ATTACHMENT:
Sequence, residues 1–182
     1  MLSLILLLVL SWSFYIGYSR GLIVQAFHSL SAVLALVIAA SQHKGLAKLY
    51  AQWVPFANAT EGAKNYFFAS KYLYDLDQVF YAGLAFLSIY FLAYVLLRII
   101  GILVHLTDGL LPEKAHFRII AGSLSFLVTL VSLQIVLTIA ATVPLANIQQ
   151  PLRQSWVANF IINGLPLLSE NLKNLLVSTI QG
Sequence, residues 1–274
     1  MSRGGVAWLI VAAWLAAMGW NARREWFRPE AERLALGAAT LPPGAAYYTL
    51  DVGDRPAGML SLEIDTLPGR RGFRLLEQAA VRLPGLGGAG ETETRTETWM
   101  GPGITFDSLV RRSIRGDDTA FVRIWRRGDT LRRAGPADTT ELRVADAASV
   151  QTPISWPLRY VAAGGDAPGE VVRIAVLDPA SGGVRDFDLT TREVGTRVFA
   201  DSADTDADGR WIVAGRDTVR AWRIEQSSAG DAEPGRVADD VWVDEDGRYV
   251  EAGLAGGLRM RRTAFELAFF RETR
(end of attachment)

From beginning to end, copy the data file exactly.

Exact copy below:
Sequence, residues 1–182
     1  MLSLILLLVL SWSFYIGYSR GLIVQAFHSL SAVLALVIAA SQHKGLAKLY
    51  AQWVPFANAT EGAKNYFFAS KYLYDLDQVF YAGLAFLSIY FLAYVLLRII
   101  GILVHLTDGL LPEKAHFRII AGSLSFLVTL VSLQIVLTIA ATVPLANIQQ
   151  PLRQSWVANF IINGLPLLSE NLKNLLVSTI QG
Sequence, residues 1–274
     1  MSRGGVAWLI VAAWLAAMGW NARREWFRPE AERLALGAAT LPPGAAYYTL
    51  DVGDRPAGML SLEIDTLPGR RGFRLLEQAA VRLPGLGGAG ETETRTETWM
   101  GPGITFDSLV RRSIRGDDTA FVRIWRRGDT LRRAGPADTT ELRVADAASV
   151  QTPISWPLRY VAAGGDAPGE VVRIAVLDPA SGGVRDFDLT TREVGTRVFA
   201  DSADTDADGR WIVAGRDTVR AWRIEQSSAG DAEPGRVADD VWVDEDGRYV
   251  EAGLAGGLRM RRTAFELAFF RETR